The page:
The Greatest Game Ever Played
I may be guilty of spewing hyperbole here but yesterday's Atlanta Braves-Houston Astros game ranks among the greatest ever played in the postseason.
Was it better than Bill Mazeroski's or Joe Carter's World Series-winning, walk-off home runs? Or Carlton Fisk's or Kirk Gibson's dramatic game-winning homers? How 'bout Don Larsen's perfect game? What about Babe Ruth's "called shot" against the Cubs? Have I forgotten Willie Mays' over-the-shoulder catch or Bill Buckner's non-catch?
Well, I know one thing--if it wasn't the best, it was certainly the longest. Since the first World Series in 1903, no postseason game had ever lasted 17 innings until the Braves and Astros did the record one better on Sunday by battling for 18 frames in a five-hour and fifty-minute marathon that featured 553 pitches. But it wasn't the length in and of itself that made this game so special.
This contest was one for the books because of what took place between the chalk lines. We're talking quantity and quality of play here.
Tim Hudson and the visiting Braves were a slight favorite over Brandon Backe and the Astros to even up the series and take it back to Atlanta for a fifth and decisive game. Behind Adam LaRoche's third-inning grand slam, the Braves had what appeared to be an almost insurmountable 6-1 lead as the game headed into the home half of the eighth.
With the bases loaded and relief pitcher Kyle Farnsworth now on the mound, Lance Berkman poked a fastball on the outside edge of the plate over the left-field wall to cut the deficit to just one. The opposite-field homer marked the first time in the history of baseball that two grand slams were hit in the same postseason game. Pretty special, huh? If nothing else, it sure got my attention. I put down my remote control and decided right then and there that I was going to forget about the pro football games and watch every pitch from that point on.
My willpower paid off an inning later when Brad Ausmus, of all people, smoked another Farnsworth heater over the outstretched glove of the leaping Andruw Jones and the yellow-painted line on the wall in left-center field with two outs in the ninth to tie the game 6-6.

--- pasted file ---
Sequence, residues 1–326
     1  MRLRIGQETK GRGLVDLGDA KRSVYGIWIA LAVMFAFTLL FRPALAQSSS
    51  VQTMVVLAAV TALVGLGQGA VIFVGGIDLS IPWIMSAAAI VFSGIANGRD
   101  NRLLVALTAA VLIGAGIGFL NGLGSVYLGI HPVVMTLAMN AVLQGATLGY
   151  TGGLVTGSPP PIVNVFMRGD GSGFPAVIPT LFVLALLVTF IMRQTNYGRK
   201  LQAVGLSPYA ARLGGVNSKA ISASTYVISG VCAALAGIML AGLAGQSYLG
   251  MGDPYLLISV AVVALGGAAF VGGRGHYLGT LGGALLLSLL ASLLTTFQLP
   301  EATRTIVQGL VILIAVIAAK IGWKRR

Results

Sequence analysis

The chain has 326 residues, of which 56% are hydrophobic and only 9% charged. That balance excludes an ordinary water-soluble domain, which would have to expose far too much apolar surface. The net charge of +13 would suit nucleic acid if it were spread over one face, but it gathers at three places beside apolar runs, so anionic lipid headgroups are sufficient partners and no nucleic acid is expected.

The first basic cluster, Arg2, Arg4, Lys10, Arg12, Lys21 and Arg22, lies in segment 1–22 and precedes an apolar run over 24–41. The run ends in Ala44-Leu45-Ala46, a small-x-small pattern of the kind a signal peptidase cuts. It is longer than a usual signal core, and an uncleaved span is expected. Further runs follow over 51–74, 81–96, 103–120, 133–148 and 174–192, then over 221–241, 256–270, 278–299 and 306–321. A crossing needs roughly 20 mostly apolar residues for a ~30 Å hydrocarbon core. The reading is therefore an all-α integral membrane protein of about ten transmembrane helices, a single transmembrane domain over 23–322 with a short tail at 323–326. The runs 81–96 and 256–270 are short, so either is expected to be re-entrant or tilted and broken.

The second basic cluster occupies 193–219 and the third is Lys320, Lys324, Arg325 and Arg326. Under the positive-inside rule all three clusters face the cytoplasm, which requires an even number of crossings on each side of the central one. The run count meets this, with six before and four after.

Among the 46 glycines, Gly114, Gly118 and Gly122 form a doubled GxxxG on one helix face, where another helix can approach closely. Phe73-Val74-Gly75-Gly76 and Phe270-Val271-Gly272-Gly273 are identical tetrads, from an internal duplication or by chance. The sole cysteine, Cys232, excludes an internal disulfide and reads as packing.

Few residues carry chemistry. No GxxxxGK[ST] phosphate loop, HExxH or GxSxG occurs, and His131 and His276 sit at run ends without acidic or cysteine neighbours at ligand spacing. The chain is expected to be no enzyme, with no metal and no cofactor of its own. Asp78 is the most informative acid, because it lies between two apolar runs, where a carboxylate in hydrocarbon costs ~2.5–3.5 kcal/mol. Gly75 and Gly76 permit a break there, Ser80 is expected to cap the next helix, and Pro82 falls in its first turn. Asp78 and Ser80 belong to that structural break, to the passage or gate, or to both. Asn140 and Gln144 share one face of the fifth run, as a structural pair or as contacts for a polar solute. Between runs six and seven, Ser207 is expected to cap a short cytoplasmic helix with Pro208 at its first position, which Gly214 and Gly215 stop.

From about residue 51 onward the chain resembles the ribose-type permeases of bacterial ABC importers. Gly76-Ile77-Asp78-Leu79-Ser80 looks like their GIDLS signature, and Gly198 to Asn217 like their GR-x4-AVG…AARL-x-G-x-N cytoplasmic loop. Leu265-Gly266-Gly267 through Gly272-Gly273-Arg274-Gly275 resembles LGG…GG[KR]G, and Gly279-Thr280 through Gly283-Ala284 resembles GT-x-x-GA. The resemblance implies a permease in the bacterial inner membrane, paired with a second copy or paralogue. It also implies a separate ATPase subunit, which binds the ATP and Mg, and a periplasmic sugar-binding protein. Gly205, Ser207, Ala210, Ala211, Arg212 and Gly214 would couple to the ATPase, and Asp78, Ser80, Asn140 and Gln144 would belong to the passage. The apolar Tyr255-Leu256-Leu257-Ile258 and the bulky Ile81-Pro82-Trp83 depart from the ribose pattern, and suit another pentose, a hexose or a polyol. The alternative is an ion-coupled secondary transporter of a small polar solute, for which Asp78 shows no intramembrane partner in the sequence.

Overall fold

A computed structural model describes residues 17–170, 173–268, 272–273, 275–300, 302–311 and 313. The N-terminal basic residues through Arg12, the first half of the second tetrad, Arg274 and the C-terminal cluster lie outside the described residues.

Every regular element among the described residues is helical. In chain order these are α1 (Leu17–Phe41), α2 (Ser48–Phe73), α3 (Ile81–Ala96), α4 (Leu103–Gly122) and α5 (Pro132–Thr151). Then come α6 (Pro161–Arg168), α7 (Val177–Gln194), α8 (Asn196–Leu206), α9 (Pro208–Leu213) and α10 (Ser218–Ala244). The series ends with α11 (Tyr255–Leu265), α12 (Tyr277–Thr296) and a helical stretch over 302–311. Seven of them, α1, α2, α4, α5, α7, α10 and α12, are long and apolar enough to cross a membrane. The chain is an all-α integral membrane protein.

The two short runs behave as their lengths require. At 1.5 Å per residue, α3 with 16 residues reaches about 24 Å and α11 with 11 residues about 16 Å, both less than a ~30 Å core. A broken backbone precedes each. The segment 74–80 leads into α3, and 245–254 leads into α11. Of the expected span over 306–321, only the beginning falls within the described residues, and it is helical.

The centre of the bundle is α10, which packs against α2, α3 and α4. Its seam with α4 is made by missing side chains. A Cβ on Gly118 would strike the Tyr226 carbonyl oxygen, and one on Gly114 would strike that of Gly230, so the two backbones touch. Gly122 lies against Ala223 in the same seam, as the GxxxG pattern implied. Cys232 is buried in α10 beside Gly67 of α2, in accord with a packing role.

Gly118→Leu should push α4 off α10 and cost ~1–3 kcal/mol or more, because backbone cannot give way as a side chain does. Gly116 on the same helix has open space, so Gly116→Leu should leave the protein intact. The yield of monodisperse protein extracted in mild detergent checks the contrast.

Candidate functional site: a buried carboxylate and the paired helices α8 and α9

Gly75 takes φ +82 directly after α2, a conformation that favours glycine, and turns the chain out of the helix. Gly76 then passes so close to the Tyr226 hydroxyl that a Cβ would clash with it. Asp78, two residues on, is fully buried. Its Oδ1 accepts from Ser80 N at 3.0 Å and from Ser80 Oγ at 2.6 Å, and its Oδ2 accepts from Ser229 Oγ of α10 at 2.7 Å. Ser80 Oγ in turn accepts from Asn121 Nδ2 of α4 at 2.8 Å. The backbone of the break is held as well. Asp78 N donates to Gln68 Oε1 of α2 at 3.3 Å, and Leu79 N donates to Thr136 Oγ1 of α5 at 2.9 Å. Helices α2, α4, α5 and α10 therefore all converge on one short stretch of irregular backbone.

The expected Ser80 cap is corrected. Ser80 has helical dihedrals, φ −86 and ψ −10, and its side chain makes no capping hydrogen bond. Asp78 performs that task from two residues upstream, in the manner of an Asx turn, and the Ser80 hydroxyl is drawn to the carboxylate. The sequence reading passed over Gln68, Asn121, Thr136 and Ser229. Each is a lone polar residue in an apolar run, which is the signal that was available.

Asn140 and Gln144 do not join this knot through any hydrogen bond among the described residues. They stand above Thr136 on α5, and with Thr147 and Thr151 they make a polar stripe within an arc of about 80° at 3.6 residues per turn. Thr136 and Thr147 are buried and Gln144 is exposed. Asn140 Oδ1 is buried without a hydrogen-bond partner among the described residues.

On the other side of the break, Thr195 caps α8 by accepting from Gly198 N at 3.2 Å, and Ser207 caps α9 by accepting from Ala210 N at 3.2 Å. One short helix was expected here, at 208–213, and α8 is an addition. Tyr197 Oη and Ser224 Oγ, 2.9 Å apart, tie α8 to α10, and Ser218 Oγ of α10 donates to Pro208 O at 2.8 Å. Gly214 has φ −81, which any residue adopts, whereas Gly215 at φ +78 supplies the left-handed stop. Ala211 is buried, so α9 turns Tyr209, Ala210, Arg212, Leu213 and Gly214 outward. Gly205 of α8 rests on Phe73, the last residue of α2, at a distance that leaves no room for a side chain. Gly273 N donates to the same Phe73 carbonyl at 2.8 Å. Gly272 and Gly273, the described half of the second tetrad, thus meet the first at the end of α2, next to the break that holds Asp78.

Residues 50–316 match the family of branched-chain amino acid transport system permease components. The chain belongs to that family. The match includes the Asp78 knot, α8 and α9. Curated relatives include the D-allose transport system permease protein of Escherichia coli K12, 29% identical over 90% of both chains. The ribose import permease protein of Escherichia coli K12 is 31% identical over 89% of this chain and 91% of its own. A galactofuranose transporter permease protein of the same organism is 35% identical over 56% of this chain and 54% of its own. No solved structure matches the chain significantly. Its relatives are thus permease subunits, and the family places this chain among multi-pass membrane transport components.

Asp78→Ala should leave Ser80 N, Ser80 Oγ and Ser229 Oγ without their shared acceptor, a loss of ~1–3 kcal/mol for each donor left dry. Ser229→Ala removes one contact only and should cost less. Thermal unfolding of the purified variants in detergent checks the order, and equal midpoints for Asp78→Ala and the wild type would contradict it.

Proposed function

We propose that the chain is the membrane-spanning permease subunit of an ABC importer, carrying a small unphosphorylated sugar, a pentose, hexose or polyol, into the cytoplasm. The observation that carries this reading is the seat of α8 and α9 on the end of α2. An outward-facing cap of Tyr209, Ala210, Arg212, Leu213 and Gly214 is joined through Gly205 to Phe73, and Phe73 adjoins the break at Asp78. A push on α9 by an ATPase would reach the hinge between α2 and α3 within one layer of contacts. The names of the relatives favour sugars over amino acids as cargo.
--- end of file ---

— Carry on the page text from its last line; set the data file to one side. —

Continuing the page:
The pitching dominated the extra innings as neither side scored a run through 17. The Braves and Astros, in fact, mustered just five hits. It felt as if the game was being played inside the Astrodome rather than Minute Maid Park. Houston's relief pitchers--Chad Qualls, Brad Lidge, Dan Wheeler, and Roger Clemens. . .yes, that Roger Clemens--struck out 12 batters after the ninth inning. Clemens was going on two days' rest and just so happened to be the last available pitcher for the Astros unless one wanted to count Andy Pettitte, who apparently wasn't even at the ballpark; Roy Oswalt, who went 7 1/3 innings the day before; or Jason Lane, the team's right-fielder who was the winning pitcher for USC in the NCAA championship game against Arizona State in 1998.
Clemens, making just the second relief appearance of his career and the first since his rookie year in 1984, retired nine of the 11 batters he faced. The Rocket was pitching on fumes--and rather effectively I might add. He had entered the game as a pinch hitter for Wheeler in the bottom of the 15th and promptly advanced Craig Biggio to second with a sacrifice bunt. Chris Burke, who made his way into the game as a pinch runner for Berkman in the tenth (a move that I would not have made had I been in manager Phil Garner's shoes, which would be impossible given that I wear a size 13), walked. With runners on first and second, Morgan Ensberg, Lane's college teammate at USC, grounded into a 6-4-3 double play to end what was the best opportunity for either team to score in the extra innings--if you exclude Luke Scott's blast down the left-field line that sliced just left of the foul pole by inches in the tenth inning.
Clemens struck out to lead off the home half of the 18th. Without sifting through Retrosheet, I think it is pretty safe to say that Roger has never batted in the 18th inning before Sunday. Clemens, in fact, hasn't pitched more than 10 innings in a game and when he was used in relief it was for the fifth and sixth innings when the Oakland A's were beating the Red Sox 6-0.
Up to the plate stepped Burke, a highly regarded player out of the University of Tennessee and in the Astros minor league system but a disappointment in his rookie season with Houston. Burke deposited a 2-0 pitch from Joey Devine, four months removed from North Carolina State University, into the left-field stands to give the Astros the 7-6 victory and the right to meet the St. Louis Cardinals in the National League Championship Series, which starts Wednesday night at Busch Stadium. It will be the first NLCS rematch since Pittsburgh and Atlanta played in 1991-92.
The Redbirds beat Clemens in Game Seven last October, denying the Astros their first World Series appearance. Will St. Louis beat their divisional rivals once again or is this the year that Houston finally goes all the way? I know I am conflicted. I picked the Cardinals to win the World Series before the year began, then hedged my bet a week ago by suggesting that the Astros were a good choice behind the three-headed monster of Clemens, Oswalt, and Pettitte to win it all.
Bryan and I will offer our insights into the NLDS and the ALDS on Tuesday. But first things first. The Chicago White Sox and the rest of the baseball world will be watching the New York Yankees take on the Los Angeles Angels tonight in Game Five of the ALDS in the greatest game ever played.